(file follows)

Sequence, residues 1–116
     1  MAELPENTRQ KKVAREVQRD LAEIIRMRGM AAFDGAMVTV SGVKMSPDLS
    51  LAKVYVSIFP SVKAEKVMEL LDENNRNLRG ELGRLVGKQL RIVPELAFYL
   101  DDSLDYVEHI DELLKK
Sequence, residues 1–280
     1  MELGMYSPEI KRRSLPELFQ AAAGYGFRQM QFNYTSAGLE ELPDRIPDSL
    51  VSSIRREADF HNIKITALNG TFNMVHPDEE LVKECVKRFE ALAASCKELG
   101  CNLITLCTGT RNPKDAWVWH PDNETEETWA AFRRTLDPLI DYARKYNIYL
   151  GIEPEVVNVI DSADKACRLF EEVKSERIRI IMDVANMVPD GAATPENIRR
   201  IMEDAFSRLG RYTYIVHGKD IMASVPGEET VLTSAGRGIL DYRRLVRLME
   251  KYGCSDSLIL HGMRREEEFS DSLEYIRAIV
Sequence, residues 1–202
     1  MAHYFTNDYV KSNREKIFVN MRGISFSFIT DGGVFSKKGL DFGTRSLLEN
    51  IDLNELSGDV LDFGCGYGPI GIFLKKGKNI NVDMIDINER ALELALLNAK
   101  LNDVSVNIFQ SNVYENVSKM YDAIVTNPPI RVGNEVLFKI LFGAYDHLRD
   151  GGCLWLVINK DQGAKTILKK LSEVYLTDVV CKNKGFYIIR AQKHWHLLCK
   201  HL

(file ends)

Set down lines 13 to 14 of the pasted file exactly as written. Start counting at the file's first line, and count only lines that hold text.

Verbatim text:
     1  MAHYFTNDYV KSNREKIFVN MRGISFSFIT DGGVFSKKGL DFGTRSLLEN
    51  IDLNELSGDV LDFGCGYGPI GIFLKKGKNI NVDMIDINER ALELALLNAK